Market Basket,Customers Slam Price Jump Survey

Executives at Demoulas Market Basket are vehemently contesting a local survey done this week on supermarket prices, saying the analysis was flawed and that their prices did not go up 9 percent, as widely reported.

The survey by has received a great amount of airplay and the inaccuracies of it, and the coverage by the media, have frustrated some in the Market Basket chain.

“It’s not a legitimate survey, but even if it was and you gave it credibility, then he got the analysis wrong,” said David McLean of Market Basket. “Of the 17 items he surveyed, 13 were the same price, two went down in price, and two went up in price. Those that went up in price were beef and eggs. Eggs have gone up astronomically industry-wide and he got the wrong price for our hamburger. He had $3.99 and it’s $3.49. If he had taken out beef and eggs, the two things that have jumped industry-wide, our prices would have gone down by 1.2 percent. He had our prices up 9 percent.

“This is a study that it’s own proprietor, Edgar Dworsky, has said is skewed in a story published in the Boston Globe,” he continued. “This study is really being called into question. It’s not fair to our customers and it’s a shame other media didn’t do their due diligence. Is it about ratings or is it about the news?”

The survey by – a company based in Boston since 1995 and headed up by Dworsky, a former Consumer Division employee at the Attorney General’s Office – showed that prices are going up across the board at most every supermarket. The survey was conducted on Aug. 5 at local supermarkets like the Chelsea Market Basket, the Revere Price Rite, the Somerville Star Market, the Medford Aldi Supermarket and the Chelsea Save-A-Lot. The prices for items purchased were compared to similar purchases made last year on Aug. 6, 2014.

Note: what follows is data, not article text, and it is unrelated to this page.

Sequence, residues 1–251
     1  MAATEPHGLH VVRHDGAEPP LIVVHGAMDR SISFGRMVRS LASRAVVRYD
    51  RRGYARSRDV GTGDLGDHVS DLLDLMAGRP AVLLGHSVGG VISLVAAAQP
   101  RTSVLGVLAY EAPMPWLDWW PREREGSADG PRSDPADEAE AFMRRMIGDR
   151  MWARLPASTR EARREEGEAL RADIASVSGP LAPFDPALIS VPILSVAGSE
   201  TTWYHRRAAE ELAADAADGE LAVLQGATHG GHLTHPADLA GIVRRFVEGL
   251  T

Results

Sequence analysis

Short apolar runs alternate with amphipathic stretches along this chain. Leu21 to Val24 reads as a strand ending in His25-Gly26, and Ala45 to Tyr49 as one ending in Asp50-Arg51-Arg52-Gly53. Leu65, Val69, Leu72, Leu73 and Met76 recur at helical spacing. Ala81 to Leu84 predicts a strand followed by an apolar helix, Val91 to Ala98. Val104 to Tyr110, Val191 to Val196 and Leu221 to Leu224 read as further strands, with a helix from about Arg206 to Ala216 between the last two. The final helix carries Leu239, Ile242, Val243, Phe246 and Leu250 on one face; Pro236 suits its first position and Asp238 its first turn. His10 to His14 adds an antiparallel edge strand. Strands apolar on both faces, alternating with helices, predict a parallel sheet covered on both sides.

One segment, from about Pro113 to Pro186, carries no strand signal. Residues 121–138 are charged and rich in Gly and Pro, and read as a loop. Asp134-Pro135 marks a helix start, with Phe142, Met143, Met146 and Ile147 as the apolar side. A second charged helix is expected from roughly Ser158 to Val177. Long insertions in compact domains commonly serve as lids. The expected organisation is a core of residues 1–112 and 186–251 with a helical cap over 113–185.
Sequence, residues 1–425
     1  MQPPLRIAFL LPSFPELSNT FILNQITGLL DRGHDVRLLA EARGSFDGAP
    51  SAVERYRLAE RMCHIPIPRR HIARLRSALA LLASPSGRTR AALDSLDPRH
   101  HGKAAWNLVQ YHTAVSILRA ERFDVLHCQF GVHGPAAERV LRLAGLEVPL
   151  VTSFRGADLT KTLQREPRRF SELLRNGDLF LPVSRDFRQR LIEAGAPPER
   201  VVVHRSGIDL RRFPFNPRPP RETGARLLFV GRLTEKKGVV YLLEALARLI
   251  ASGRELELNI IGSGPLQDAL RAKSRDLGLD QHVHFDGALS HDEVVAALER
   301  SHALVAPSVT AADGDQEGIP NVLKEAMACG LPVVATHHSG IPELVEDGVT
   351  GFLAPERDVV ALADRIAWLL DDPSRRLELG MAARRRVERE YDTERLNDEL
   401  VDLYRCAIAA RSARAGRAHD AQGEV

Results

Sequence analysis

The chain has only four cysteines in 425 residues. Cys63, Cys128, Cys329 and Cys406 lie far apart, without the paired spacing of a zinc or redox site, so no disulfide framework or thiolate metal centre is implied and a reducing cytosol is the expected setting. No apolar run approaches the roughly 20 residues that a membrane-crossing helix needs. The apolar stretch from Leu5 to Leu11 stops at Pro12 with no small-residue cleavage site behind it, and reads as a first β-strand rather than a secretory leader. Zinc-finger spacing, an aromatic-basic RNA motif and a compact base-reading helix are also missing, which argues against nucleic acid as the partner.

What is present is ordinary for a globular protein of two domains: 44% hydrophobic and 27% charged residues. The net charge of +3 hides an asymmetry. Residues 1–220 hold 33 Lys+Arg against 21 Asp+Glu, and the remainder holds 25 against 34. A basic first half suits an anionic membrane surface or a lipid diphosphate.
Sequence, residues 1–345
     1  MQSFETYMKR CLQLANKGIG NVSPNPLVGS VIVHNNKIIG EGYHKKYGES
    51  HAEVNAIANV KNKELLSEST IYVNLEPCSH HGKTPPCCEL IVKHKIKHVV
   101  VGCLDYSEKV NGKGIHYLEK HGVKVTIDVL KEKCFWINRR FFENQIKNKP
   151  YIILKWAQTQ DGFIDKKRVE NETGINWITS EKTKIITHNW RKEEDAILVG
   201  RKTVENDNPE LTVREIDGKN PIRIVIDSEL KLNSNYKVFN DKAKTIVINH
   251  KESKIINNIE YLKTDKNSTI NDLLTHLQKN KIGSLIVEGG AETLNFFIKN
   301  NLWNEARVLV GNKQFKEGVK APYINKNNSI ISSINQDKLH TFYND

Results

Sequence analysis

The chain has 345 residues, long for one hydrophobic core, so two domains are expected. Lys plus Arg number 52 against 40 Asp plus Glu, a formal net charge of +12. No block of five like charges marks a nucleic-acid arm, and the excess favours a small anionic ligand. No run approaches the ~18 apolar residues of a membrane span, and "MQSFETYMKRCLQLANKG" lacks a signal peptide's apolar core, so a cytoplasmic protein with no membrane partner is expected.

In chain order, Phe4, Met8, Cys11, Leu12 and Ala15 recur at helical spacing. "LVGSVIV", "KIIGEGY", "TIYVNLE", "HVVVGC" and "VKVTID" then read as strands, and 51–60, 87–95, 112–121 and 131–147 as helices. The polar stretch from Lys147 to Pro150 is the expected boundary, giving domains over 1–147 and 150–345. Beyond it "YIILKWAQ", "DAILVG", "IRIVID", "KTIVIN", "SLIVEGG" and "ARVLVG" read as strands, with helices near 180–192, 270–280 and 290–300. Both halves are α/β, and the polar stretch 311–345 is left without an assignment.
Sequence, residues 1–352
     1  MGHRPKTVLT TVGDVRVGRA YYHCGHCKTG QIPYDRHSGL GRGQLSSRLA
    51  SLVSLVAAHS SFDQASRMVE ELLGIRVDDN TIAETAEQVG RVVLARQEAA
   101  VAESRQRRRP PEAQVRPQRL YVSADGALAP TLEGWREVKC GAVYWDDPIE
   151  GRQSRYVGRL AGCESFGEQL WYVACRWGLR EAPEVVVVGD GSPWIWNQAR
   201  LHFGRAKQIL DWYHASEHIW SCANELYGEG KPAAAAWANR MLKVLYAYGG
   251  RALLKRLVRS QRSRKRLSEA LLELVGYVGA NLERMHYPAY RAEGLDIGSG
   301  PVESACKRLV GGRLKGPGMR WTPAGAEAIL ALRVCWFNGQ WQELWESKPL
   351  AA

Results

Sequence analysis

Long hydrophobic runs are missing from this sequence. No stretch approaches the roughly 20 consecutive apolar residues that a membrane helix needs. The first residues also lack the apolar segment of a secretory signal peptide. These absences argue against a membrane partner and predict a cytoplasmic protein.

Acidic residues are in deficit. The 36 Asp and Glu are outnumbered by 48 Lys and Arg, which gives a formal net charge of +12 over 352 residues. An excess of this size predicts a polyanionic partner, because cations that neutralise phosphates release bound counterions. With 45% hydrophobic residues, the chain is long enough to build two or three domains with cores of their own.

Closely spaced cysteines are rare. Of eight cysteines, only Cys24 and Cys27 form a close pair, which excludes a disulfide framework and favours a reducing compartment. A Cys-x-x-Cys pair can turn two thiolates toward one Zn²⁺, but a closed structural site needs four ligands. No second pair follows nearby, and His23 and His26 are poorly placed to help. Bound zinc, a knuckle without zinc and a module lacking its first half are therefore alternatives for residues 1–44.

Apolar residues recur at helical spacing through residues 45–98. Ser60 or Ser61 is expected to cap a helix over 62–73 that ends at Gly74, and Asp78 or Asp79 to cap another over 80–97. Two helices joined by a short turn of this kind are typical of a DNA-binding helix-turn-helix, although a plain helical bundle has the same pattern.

The survey reported that Market Basket prices went up 9 percent, Star Market when up 8 percent, Stop & Shop went up 7 percent, Price Rite up 7 percent, Aldi up 6 percent and Save-A-Lot up 3 percent. The survey noted that while Market Basket’s prices rose the sharpest over the year, most of that was due to the 4 percent price cut promotion that ran all of 2014 and expired in 2015. With that in mind, Dworsky’s analysis showed Market Basket up by 5 percent, though McLean said that still is not correct.

“The largest increase was at Market Basket which suffered through an employee and customer boycott last summer,” read the survey findings. “In substantial part, the reason for Market Basket’s price hikes was the elimination of its extra four percent across-the-board discount that was applied to all orders throughout 2014. Higher beef and egg prices accounted for most of the rest of the increase there and at all chains.”

The survey showed that Market Basket was still much cheaper than other full service supermarkets, such as Stop & Shop (15 percent less) and Star Market (29 percent less). However it concluded that the lowest prices on some items came at so-called limited assortment stores – which are not full service and vary in their stock selections. Examples of those stores are Aldi, Save-A-Lot and Price Rite.